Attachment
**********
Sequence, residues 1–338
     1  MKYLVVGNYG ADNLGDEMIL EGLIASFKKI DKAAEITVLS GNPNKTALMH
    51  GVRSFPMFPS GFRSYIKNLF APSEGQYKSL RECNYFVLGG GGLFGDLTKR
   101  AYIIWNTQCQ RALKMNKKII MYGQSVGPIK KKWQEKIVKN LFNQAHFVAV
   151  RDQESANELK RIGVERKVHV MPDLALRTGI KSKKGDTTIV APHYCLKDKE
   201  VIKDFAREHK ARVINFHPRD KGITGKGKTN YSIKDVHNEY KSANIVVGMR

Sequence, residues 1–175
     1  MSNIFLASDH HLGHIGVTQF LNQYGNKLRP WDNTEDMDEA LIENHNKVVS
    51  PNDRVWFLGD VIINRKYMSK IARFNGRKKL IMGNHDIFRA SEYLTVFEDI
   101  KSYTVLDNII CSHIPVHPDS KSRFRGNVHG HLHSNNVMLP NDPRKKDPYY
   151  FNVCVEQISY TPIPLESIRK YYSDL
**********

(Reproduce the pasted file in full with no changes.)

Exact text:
Sequence, residues 1–338
     1  MKYLVVGNYG ADNLGDEMIL EGLIASFKKI DKAAEITVLS GNPNKTALMH
    51  GVRSFPMFPS GFRSYIKNLF APSEGQYKSL RECNYFVLGG GGLFGDLTKR
   101  AYIIWNTQCQ RALKMNKKII MYGQSVGPIK KKWQEKIVKN LFNQAHFVAV
   151  RDQESANELK RIGVERKVHV MPDLALRTGI KSKKGDTTIV APHYCLKDKE
   201  VIKDFAREHK ARVINFHPRD KGITGKGKTN YSIKDVHNEY KSANIVVGMR

Sequence, residues 1–175
     1  MSNIFLASDH HLGHIGVTQF LNQYGNKLRP WDNTEDMDEA LIENHNKVVS
    51  PNDRVWFLGD VIINRKYMSK IARFNGRKKL IMGNHDIFRA SEYLTVFEDI
   101  KSYTVLDNII CSHIPVHPDS KSRFRGNVHG HLHSNNVMLP NDPRKKDPYY
   151  FNVCVEQISY TPIPLESIRK YYSDL